Sure, I knew J.D. Which some people would envy, but, to tell you the truth, I didn't get that big a bang out of it. You could even say we were close. Sometimes he seemed to be thinking my thoughts before they occurred to me. Or he'd been to places where I was about to go. Like he was in my head, like my parents or somebody. It can get crowded in there. Maybe that's why I still like to horse around now and then. Just to get away from them all. Fictional characters can have a sense of privacy, too. Also he could be possessive as hell. That's the way authors are, you know; they think they own their characters. So they stick any stupid thought they want to in our heads. Like we don't lead lives of our own. And just let them catch you reading some other writer. Boy, he hated it when I would read Updike. They're all pretty jealous gods, authors. They think they invented you or something.

I don't blame old J.D. for just wanting to be left alone. I know how it is. Phonies were always trying to track him down, sometimes just to steal stuff from him — not money, not directly, but other stuff like plots and characters and, worst of all, time. Bores are the worst. They never stop talking, and what's awful is they never say anything you want to hear in the first place. Boy, nothing is easier to steal than somebody else's time. Pencey was full of crooks. Quite a few of the guys came from these very wealthy families, but it was full of crooks anyway. You'd be surprised at how many rich kids at Pencey were crooks. Somebody took my camel's hair coat right out of my room with my fur-lined gloves right in the pocket. I still miss it on cold days.

Phonies have no sense of other people's property. Or their privacy. What's funny is, even when they stole J.D.'s stuff, they didn't know how to use it. It sounded all wrong. I bet the guy who took my camel's hair coat looked awful in it. I'm starting to understand J.D. better, and why he was what all the phonies who write for the papers call a "recluse." I think that means anybody who can stand his own company.

You know what knocks me out? Just the way I used to love the idea of being a catcher in the rye? That's somebody who is always there on the edge of this big crazy cliff while all the little kids are horsing around in the field of rye. And all he does is wait till one of them comes too close to the edge and is about to fall off, and he catches them. I could apply myself to a job like that.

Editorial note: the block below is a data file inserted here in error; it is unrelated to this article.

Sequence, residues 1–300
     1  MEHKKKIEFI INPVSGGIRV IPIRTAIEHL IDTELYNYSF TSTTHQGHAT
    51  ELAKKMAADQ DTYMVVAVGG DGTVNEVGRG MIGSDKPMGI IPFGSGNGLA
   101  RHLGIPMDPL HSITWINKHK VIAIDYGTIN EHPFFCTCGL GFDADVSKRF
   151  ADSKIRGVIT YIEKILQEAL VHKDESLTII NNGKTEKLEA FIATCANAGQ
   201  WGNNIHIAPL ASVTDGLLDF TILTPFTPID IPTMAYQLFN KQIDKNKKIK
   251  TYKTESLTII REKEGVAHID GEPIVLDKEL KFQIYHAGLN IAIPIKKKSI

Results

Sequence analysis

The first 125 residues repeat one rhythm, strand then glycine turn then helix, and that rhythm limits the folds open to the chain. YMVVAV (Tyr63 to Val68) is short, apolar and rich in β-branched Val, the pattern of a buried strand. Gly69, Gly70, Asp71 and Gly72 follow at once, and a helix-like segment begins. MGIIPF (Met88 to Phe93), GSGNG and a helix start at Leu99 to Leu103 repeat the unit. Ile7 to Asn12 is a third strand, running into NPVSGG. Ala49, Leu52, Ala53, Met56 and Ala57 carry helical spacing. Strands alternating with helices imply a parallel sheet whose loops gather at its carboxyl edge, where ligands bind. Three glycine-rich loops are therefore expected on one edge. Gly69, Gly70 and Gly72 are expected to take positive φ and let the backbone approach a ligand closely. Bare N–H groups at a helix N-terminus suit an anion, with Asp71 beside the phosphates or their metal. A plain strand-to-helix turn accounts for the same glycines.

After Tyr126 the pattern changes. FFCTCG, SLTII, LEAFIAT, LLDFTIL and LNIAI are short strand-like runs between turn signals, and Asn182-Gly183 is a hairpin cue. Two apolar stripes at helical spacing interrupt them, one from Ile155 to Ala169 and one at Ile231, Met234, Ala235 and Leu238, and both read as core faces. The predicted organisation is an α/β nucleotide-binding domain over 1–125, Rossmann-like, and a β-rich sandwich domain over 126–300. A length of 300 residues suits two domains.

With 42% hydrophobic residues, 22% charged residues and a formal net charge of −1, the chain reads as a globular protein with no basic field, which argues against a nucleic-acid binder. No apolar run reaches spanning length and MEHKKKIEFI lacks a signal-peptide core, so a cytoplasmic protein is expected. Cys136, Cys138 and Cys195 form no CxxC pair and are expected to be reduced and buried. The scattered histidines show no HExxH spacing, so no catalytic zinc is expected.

You know what I really get a bang out of now? All the people in that little town where old J.D. lived up in New Hampshire somewhere — the car mechanics and plumbers and hardware salesmen and waitresses and postmen — and none of them would tell visitors where he lived when they came looking for him. And when the phonies arrived with their questions and cameras and psychological theories — I know a lot about psychological theories after being in this place since November — they'd be sent off on some wild goose chase down the road. Those people knock me out. People are all right if you never have to see them. J.D. must have felt the same way. I always wanted to call him up myself, but I was afraid I'd be disappointed if I did. Or be acting like a phoney myself.

Boy, when I heard old J. D. was going to write a book about me, and I was going to get to be the narrator, boy, I nearly dropped dead when I heard that. J.D. Salinger. I got really excited. I've got to say he wasn't a bad writer, either. I'm illiterate but I read a lot. And I really liked any book of his I wasn't in. I'd say he would have been a great writer if he hadn't influenced so many people.

Paul Greenberg Archives